Having done a comprehensive survey, Grant Thornton has released several pointers indicating its expectations from the Budget. Rohan Phatarphekar, National Head of Tax & Regulatory Services at Grant Thornton enumerates.
Excerpts from CNBC-TV18's exclusive interview with Rohan Phatarphekar:
Let us start with the capital markets - what are you expecting there?
Corporates are not really expecting a change in the capital gains taxation as such, nor would there be one in Securities Transaction Tax. I think overall they are not expecting anything negative to be introduced, which would affect the sentiment and I think our survey showed that the corporates are expecting the capital markets to go up on the Budget day.
What about real estate?
A: Our survey showed that corporates expected the FDI regulations to undergo a change. They wanted more liberalisation on the real estate front, but again that is not so easy. The more liberalisation takes place, the demand for real estate would go up and obviously the prices would go up and I think that is something which may not happen. There is further liberalization of FDI and real estate.
Which sector did you see the most material expectations from in terms of taxation changes?
I think Information Technology is something which people have huge expectations about. Seventy-three of the corporates that we polled expected the tax holiday to continue. While the window for tax holiday is getting over as of a couple of days down the line, with the SEZs coming in, they expect that similar such benefits should be allowed to other units that are existing.
Again in IT, one of the suggestions of the industry was that the government should actually make some efforts in sponsoring or creating a skilled work force which in over a period of time becomes helpful for the industry.
On the pharma side, there is a 150% deduction that is allowed today, but that window is closing on March 31, 2007. That is something which is basic to the pharma industry. So that is again something people expected definitely to be extended.
I think one of the important aspects of pharma was that due to the patron regime, if the government wants to encourage Intellectual Property Rights being created in India, then they expected that any income pertaining to that should qualify for that tax holiday. I think that is something that was quite heartening to do.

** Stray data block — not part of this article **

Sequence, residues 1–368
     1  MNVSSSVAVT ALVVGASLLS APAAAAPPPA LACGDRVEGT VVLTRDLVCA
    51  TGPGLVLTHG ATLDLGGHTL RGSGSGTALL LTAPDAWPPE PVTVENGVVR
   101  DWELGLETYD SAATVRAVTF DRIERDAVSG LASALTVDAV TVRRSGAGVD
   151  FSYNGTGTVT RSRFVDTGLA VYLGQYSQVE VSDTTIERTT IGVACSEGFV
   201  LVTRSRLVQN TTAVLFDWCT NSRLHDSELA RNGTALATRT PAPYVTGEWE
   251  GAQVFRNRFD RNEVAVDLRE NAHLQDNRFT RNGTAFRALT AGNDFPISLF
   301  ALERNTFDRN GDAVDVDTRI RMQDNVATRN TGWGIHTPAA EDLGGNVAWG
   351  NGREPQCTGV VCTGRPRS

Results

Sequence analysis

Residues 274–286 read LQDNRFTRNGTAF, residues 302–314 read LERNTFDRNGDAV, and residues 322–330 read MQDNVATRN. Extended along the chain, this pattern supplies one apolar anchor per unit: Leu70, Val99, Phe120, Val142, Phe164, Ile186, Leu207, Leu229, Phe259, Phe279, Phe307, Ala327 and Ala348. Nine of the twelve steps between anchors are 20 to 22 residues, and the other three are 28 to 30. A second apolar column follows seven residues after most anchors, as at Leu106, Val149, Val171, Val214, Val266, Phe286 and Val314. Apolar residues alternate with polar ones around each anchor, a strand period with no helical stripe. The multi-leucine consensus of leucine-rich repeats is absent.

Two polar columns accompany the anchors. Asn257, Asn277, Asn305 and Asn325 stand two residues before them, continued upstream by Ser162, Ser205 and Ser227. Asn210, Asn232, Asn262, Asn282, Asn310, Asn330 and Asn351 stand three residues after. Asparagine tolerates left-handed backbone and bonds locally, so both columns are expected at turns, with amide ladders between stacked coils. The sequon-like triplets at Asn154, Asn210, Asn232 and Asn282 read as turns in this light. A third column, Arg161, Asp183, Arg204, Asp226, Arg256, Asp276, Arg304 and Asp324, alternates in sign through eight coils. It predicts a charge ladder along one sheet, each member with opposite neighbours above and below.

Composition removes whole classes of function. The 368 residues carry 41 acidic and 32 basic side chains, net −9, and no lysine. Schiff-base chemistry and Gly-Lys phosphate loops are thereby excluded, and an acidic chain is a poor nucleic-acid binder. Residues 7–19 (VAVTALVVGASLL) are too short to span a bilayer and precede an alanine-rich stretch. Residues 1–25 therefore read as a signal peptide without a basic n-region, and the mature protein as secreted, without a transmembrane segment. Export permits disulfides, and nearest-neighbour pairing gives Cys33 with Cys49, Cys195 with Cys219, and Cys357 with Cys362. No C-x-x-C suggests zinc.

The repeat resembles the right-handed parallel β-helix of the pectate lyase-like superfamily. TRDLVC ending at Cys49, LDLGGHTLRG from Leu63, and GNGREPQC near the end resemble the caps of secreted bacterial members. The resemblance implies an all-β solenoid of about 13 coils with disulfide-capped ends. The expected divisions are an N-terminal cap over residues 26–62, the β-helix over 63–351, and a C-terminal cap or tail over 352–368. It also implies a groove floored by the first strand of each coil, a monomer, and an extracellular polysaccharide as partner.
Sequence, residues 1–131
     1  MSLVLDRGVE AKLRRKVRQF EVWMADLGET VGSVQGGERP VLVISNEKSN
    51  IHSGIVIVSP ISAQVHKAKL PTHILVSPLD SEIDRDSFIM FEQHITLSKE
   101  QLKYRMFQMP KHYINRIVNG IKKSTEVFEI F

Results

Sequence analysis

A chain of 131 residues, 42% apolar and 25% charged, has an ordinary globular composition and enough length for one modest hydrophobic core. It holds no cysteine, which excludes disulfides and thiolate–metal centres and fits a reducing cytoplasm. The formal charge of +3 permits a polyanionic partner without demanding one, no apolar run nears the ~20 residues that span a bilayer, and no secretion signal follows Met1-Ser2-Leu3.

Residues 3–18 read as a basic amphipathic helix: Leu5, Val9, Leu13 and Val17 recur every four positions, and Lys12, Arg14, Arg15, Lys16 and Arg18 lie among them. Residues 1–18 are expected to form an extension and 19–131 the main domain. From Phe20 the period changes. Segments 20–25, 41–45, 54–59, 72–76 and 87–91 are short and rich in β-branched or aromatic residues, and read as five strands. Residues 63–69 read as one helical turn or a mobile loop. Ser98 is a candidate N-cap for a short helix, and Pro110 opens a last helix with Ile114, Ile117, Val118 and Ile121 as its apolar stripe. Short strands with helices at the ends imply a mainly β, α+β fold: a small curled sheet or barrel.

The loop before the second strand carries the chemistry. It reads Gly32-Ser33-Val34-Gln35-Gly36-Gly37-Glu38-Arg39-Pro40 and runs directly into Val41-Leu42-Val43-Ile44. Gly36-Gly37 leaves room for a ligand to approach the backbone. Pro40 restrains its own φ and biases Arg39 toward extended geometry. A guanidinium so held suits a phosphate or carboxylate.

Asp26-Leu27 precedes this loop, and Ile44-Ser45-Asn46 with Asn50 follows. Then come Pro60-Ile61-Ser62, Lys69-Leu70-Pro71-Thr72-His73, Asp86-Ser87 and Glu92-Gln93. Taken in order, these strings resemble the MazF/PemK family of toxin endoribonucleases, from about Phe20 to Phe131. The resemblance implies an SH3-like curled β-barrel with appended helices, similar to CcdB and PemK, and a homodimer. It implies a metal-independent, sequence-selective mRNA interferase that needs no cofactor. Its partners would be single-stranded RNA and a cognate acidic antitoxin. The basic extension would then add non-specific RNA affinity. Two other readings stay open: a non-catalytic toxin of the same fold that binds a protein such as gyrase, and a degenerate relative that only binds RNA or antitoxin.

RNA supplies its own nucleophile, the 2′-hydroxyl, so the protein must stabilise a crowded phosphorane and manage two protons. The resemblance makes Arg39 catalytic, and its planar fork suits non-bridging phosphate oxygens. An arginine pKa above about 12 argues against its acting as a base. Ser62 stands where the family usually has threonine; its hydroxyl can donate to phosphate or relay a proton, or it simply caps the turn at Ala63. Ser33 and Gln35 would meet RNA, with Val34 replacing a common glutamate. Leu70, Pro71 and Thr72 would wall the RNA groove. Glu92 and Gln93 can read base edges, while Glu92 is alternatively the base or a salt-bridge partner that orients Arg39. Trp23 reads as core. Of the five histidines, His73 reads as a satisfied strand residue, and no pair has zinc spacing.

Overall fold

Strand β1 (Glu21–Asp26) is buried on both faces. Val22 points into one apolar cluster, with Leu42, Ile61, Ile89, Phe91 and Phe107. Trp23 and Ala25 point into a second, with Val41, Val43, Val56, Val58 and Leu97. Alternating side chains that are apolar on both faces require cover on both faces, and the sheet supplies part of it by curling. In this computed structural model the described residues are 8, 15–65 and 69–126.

What about indirect taxes? What kind of expectations came in from industry on the indirect tax front?
There are various aspects to this. Corporates expect the peak custom duty to come down to 10 per cent. Service tax has gone up last year to 12 per cent from 10 per cent but over a period of time I think it would be 14 per cent and as the Finance Minister has indicated as of April 1, 2010, the Goods and Services Tax would come into picture and that would be around 16 per cent.
But they do not expect any basic change in service tax although the services under the net would be higher as compared to what probably would be last year.
Aside from real estate, was there any specific expectation on the SEZ front?
From a technical and a tax perspective today there is a tax holiday that is available, which prohibits one from taking advantage of the tax holiday in the sense that one cannot reconstruct an existing business and take advantage of that.
Similar such provisions do not exit in the existing SEZ policy, so one of the concerns obviously was that lot of the existing Software Technology Park, STP, units would move over to SEZs and the tax holiday would be then taken.
One can expect some introduction of reconstruction clause similar to that what existed in the existing tax holiday to be introduced on the SEZ kind of a policy.The other thing in the SEZs is that we hear everyday that many corporates want to set-up SEZs- one wonders who would be there to occupy the SEZs. So corporates expected that there should be some kind of a cap on the SEZs, industry or sector wise, but definitely there needs to be some kind of a cap because that would be help in making this policy useful.
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